Manuel Noriega has been flown home to Panama to face punishment for the slayings of two political opponents in the 1980s after spending more than 20 years in US and French prisons for drug trafficking and money laundering.
Noriega, a former Cold War ally of Washington who was toppled in a US invasion of Panama in 1989 — was escorted from La Sante prison in Paris, France, in a police convoy to a commercial flight to Panama, via Madrid, The Associated Press reported.
Noriega's return is unlikely to have a major political impact on Panama, according to Britain's Daily Telegraph:
Widely reviled when he was Panama's de facto leader from 1983 until 1989, his small cadre of remaining supporters has kept a low profile and even bitter opponents dismiss Noriega as part of a distant, shadowy past.
However, the AP quotes Panamanians as saying they still want the 77-year-old to pay for his electoral fraud and the murder of political opponents.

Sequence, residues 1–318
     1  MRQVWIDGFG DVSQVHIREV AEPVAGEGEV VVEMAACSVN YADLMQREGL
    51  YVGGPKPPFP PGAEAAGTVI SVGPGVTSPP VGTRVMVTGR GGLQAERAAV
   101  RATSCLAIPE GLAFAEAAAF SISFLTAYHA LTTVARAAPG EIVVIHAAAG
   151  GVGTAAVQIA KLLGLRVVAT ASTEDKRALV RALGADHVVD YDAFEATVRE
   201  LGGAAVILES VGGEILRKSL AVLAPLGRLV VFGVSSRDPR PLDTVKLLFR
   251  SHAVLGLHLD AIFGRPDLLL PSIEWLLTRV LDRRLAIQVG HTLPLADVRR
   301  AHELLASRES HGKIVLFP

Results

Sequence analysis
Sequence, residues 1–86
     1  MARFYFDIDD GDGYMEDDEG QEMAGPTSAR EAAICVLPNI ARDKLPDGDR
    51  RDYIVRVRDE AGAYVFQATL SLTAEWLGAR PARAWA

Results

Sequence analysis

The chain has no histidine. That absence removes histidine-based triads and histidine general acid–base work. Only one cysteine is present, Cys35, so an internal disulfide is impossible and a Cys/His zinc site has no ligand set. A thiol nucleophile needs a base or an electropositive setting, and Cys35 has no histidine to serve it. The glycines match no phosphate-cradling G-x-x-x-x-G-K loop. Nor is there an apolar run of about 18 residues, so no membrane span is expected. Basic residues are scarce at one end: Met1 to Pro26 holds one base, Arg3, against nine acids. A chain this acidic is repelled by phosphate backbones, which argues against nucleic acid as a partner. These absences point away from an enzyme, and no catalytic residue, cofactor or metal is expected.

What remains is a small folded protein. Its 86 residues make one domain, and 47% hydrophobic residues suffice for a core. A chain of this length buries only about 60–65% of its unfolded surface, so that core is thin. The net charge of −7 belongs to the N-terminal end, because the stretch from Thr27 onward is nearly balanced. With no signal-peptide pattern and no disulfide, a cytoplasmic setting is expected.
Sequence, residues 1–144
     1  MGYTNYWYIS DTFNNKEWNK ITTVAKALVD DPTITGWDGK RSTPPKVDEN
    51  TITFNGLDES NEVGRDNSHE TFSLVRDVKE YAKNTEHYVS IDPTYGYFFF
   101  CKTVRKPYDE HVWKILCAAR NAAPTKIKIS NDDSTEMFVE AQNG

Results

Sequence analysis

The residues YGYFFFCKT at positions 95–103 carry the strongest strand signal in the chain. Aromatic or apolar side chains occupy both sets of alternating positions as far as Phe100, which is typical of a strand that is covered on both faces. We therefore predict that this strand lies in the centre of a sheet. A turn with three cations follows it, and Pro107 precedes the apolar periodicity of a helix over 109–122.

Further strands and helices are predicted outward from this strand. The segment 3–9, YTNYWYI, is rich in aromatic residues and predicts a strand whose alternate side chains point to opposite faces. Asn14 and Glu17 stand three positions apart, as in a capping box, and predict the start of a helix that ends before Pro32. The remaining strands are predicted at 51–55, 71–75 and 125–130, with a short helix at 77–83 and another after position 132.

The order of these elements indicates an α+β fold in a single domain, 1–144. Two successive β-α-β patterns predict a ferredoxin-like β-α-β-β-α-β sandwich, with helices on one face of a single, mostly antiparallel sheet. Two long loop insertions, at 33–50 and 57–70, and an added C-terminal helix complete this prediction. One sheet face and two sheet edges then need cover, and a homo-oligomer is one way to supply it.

Noriega — an ex-general nicknamed "Pineapple Face" owing to his pockmarked face — was convicted in absentia in three homicide cases involving 11 murders, Reuters reported.
Victims included Hugo Spadafora, a physician who threatened to reveal Noriega's drug ties, beheaded in 1985, and up to 11 soldiers who staged a failed coup.
"Noriega was responsible for the invasion and those who died in the operation. He dishonored his uniform, there was barely a shot and he went off to hide. He must pay," the AP quoted Hatuey Castro, 82, a member of the anti-Noriega opposition who was detained and beaten by his thugs in 1989, as saying.
Noriega faces three 20-year jail terms in Panama for crimes committed during his military rule (he was never president).
The US invasion of Panama that ousted Noriega was, the AP wrote, "one of the most bitterly debated events of the Cold War's waning years."
Noriega, co-opted by US intelligence while still at military college, worked closely with the CIA during his rise through the Panamanian military ranks during the 1970s and 1980s, helping the US combat leftist movements in Latin America. According to the AP, Noriega "also acted as a back channel for U.S. communications with unfriendly governments such as Cuba's."
He reportedly fell out with Washington over his ties to Colombian drug traffickers, with whom he made millions shipping cocaine to the US.
He was arrested by invading American troops in January 1990, amid allegations he had turned the Central American nation into a drug-trafficking hub, and spent 20 years in a Florida prison before being extradited to France.